When you are near the end of your 5-year apprenticeship, you will be asked to sit for an exam. Upon passing this exam, you will be granted the license to become a professional journeyman electrician.
What Happens After Receiving Your License?
After getting your license, you are free to choose an area of expertise that you might be interested in.
Generally, a journeyman electrician can specialize in commercial, residential, or industrial electrical work.
When you join the commercial line of work, you will most likely be employed to work directly at a construction site or be a part of a company’s service department. Working as a commercial electrician means that you will need to be available at all times and provide immediate service when it’s called for by your employer or client.
Here are some of the most important activities you’ll have to face:
- Read and understand electrical blueprints relevant to your assigned work site.
- Must be comfortable working with many different kinds of electrical coding.
- Be able to use various electrical tools
- Install electrical components like fire alarms, security cameras, light and energy control systems, etc.
- Must know how to install, repair, and troubleshoot electrical systems, equipment, or wiring within the job site.
Being a residential electrician is less complicated but isn’t any less important than the other criteria. Your job is to basically ensure that electricity is being used properly and efficiently in the homes you will be working on.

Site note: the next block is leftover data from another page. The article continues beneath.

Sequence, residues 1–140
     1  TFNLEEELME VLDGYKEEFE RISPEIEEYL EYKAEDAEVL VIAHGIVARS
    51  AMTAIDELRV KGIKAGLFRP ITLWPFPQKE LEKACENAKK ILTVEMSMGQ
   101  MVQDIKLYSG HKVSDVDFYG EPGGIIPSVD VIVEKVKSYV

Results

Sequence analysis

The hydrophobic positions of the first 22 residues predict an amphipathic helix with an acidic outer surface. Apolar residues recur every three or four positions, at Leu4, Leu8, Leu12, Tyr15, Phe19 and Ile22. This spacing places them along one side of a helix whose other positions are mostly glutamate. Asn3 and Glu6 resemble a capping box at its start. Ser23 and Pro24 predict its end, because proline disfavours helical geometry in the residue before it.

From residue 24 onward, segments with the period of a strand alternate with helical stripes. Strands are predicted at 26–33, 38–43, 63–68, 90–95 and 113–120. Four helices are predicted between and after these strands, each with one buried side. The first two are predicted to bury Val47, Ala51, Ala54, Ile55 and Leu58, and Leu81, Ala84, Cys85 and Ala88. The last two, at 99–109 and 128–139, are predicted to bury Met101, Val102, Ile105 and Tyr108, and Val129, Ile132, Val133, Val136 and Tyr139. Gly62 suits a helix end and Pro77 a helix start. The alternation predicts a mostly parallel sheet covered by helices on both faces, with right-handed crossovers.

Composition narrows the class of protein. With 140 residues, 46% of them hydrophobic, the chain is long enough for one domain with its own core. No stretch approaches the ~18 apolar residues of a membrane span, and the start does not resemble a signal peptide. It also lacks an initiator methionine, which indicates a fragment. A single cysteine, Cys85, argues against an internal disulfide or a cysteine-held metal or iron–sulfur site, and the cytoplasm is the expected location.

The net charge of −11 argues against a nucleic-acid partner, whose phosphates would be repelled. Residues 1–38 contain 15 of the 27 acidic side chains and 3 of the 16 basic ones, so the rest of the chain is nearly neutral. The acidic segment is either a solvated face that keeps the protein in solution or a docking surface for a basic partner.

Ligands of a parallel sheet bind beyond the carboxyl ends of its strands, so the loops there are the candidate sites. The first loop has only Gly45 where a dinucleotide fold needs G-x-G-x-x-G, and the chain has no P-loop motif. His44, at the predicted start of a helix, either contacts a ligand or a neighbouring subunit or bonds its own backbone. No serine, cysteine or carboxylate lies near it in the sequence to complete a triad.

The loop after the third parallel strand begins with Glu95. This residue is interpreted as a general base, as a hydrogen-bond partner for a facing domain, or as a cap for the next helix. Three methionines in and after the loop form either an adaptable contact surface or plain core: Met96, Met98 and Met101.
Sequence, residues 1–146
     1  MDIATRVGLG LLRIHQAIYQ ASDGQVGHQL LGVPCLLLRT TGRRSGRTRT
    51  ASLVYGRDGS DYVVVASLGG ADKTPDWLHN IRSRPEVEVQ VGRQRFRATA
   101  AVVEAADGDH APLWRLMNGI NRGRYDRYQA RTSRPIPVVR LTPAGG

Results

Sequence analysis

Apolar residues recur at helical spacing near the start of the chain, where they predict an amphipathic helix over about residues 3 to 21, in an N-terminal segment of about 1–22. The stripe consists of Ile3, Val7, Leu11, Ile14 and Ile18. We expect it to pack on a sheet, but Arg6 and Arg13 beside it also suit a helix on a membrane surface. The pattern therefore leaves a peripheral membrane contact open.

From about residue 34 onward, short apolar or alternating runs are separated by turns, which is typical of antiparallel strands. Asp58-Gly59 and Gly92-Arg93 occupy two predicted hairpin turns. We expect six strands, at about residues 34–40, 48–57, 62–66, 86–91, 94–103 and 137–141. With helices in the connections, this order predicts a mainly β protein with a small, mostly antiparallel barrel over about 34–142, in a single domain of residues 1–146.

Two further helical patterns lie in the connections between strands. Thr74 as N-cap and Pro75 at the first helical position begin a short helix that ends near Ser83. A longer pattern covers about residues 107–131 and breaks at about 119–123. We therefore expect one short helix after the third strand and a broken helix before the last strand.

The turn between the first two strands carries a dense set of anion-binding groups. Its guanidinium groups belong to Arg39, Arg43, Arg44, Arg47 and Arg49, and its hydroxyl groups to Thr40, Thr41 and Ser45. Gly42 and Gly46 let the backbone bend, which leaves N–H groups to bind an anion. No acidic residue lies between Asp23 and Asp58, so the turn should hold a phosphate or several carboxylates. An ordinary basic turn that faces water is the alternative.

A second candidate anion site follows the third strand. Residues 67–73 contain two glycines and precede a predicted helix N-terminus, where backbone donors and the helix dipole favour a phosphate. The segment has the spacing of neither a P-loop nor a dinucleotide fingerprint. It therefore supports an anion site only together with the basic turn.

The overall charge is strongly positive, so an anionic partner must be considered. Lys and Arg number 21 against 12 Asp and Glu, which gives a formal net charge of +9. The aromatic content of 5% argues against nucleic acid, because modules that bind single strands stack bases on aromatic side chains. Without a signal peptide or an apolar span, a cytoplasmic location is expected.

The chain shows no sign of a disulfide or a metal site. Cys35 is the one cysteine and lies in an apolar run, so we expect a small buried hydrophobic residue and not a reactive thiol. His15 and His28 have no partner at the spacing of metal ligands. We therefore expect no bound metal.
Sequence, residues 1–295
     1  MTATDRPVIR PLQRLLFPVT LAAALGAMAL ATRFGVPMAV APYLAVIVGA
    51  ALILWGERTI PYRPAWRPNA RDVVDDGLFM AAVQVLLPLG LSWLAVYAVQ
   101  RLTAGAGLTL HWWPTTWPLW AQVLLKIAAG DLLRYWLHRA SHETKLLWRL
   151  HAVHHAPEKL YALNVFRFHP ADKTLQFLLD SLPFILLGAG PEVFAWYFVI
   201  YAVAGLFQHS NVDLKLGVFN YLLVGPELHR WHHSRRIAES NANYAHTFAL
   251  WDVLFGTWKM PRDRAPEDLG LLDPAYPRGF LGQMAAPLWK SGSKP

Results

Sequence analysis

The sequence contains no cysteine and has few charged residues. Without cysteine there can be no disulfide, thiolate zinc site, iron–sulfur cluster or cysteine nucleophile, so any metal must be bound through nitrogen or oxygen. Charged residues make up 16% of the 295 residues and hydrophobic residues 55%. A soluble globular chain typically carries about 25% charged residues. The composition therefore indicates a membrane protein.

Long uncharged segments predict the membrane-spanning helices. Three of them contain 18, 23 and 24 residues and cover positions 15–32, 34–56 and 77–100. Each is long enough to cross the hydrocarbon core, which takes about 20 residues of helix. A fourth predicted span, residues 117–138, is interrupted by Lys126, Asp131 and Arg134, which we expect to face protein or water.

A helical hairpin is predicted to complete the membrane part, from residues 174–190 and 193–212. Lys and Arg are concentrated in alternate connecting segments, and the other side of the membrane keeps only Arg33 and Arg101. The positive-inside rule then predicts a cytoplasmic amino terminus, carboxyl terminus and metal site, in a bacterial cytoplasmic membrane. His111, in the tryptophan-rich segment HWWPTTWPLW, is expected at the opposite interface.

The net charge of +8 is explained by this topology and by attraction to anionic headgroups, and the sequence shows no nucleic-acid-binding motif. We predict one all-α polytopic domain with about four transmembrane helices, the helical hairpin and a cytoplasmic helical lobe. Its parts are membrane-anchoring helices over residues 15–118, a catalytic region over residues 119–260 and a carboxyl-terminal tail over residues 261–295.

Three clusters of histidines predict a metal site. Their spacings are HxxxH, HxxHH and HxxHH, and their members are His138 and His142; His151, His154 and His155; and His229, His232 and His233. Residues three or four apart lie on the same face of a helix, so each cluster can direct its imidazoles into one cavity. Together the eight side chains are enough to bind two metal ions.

Mainly, you will be handling the following:
- Install different electrical components like lights, sockets, security systems, and smoke detectors.
- Set up electrical systems within the home based on the electrical plan that was devised by the residents.
- Provide suitable arrangements for electrical setups to ensure safe and efficient use of electricity by each of the rooms in a home.
Perhaps the most difficult and complicated line of work lies in the industrial sector. Not only is it dangerous, but it also involves complex electrical systems that run almost 24/7.
As a journeyman electrician working in an industry, you must have adequate skills and knowledge to perform installations and maintenance jobs within an industrial facility.
You will be required to know/do the following during work:
- Properly know and understand the electrical system used to run the industrial facility under normal and emergency situations.
- Deal with (maintain, repair, install, and troubleshoot) industrial equipment, such as motors, pumps, and generators.
- Be able to provide power and install regulatory installations to components within the facility. For example, the temperature needs to be regulated in certain chambers during manufacture. In this case, there must be a panel to monitor the temperature and change it as needed.
These are some of the most important things you need to consider before becoming a journeyman electrician. Last but not the least take necessary precautions to avoid injuries in a workplace. Good luck for your future endeavors, and I hope this information will prove helpful to you.